Dr. Sharma on Optimal Systemic Therapy for Early-Stage TNBC

Priyanka Sharma, MD, discusses updates in optimal systemic therapy strategies in early-stage triple-negative breast cancer.

Priyanka Sharma, MD, professor of Medicine, the University of Kansas Medical Center, assistant director of Clinical Research, co-program leader, the Drug Discovery, Experimental Therapeutics program, the University of Kansas Cancer Center, institutional principal investigator, South West Oncology Group (SWOG), discusses updates in optimal systemic therapy strategies in early-stage triple-negative breast cancer (TNBC).

At the 40th Annual Miami Breast Cancer Conference®, Sharma reviewed data on neoadjuvant polychemotherapy, the role of platinum-based chemotherapy, studies investigating the addition of immunotherapy to chemotherapy, the role of capecitabine for patients with residual disease, and the use of the PARP inhibitor olaparib (Lynparza) in the setting of residual disease.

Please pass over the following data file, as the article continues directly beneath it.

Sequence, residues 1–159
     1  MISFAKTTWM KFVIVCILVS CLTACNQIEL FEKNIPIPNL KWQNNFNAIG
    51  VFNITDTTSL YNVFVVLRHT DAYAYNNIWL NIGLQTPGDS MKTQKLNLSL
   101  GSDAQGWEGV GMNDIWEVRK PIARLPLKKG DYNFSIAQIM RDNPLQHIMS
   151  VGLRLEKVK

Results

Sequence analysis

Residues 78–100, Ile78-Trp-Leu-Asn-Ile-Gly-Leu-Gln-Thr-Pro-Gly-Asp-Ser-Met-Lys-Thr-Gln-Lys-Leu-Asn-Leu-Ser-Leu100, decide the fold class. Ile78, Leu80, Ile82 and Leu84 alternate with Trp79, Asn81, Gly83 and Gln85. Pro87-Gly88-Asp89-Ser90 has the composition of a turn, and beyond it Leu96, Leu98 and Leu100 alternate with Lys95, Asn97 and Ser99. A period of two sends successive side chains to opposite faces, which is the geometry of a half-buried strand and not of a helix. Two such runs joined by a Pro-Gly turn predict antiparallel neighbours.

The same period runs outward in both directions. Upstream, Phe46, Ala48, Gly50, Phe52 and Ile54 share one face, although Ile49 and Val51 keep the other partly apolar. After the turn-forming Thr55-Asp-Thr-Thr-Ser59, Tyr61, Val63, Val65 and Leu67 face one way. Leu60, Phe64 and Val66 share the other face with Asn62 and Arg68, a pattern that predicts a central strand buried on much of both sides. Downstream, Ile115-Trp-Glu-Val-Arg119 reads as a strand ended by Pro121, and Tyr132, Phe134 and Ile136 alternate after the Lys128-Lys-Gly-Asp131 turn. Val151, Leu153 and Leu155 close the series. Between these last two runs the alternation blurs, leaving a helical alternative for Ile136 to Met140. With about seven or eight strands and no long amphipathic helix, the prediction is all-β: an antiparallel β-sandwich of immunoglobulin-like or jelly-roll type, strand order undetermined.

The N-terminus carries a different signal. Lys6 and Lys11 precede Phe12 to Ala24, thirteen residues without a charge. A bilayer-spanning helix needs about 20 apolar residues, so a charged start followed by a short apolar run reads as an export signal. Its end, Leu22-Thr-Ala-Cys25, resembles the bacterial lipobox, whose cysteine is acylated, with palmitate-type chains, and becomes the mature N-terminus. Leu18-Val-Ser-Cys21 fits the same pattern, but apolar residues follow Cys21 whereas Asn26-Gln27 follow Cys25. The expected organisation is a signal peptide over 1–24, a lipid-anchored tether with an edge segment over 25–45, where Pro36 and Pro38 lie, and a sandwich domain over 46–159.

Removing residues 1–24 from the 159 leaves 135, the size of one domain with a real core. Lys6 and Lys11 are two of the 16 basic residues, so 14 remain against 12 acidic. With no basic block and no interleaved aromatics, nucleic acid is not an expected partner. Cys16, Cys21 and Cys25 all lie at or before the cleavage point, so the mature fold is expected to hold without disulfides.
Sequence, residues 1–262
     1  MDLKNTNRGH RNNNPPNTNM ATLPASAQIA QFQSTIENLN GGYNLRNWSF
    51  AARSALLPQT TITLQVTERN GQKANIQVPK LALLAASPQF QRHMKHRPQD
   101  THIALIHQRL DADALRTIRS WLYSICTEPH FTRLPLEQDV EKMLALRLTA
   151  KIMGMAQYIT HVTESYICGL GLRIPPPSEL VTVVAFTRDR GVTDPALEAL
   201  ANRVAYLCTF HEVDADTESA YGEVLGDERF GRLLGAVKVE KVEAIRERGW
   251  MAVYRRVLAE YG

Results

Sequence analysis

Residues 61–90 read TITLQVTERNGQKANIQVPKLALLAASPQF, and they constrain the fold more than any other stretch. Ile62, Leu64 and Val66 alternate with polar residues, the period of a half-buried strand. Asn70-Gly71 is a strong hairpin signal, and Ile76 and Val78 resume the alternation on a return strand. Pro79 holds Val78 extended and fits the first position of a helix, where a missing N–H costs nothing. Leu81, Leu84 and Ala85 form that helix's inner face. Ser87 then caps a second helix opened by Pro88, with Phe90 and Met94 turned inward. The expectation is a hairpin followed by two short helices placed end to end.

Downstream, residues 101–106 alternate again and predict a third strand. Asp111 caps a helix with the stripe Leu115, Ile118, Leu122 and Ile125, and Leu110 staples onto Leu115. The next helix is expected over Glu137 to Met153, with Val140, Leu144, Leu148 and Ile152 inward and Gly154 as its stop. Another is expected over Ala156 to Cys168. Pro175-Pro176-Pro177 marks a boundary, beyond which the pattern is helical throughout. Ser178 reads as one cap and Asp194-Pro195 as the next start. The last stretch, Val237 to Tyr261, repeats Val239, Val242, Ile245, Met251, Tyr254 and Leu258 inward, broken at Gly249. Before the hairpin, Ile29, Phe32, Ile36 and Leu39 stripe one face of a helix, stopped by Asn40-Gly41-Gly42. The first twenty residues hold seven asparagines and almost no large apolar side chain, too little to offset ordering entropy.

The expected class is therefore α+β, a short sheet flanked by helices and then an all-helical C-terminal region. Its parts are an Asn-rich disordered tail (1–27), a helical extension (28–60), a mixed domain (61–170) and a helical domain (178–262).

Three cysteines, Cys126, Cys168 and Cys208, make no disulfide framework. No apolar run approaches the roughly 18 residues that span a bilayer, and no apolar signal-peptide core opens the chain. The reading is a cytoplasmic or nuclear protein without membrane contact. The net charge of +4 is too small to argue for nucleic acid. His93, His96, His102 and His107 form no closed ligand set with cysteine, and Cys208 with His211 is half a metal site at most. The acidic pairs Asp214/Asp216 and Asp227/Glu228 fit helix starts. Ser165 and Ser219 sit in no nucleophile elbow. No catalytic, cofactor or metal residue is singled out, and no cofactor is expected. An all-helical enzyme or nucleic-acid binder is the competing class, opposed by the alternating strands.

She also discussed the lack of biomarkers currently available that can help determine which patients may benefit most from a specific chemotherapy regimen or immunotherapy. Conversely, there remains a need to identify biomarkers to help identify patients who are not likely to benefit from immunotherapy, Sharma expands. Although there is ongoing research aimed at identifying these predictive biomarkers, there are currently no specific biomarkers that can be used in clinical practice to help inform preoperative chemotherapy/immunotherapy decisions, Sharma notes.

Outside of biomarker research, other upcoming and ongoing trials could continue to help close some of the knowledge gaps that currently exist in early-stage TNBC, Sharma continues. For example, one trial will look at the role of adjuvant pembrolizumab (Keytruda) in patients to achieve a pathological complete response (pCR) with neoadjuvant chemoimmunotherapy, Sharma adds. Patients who achieve a pCR can do well without any additional therapy, even in an absence of immunotherapy, so investigators aim to evaluate what benefit could be derived from 8 additional cycles of adjuvant pembrolizumab, Sharma concludes.

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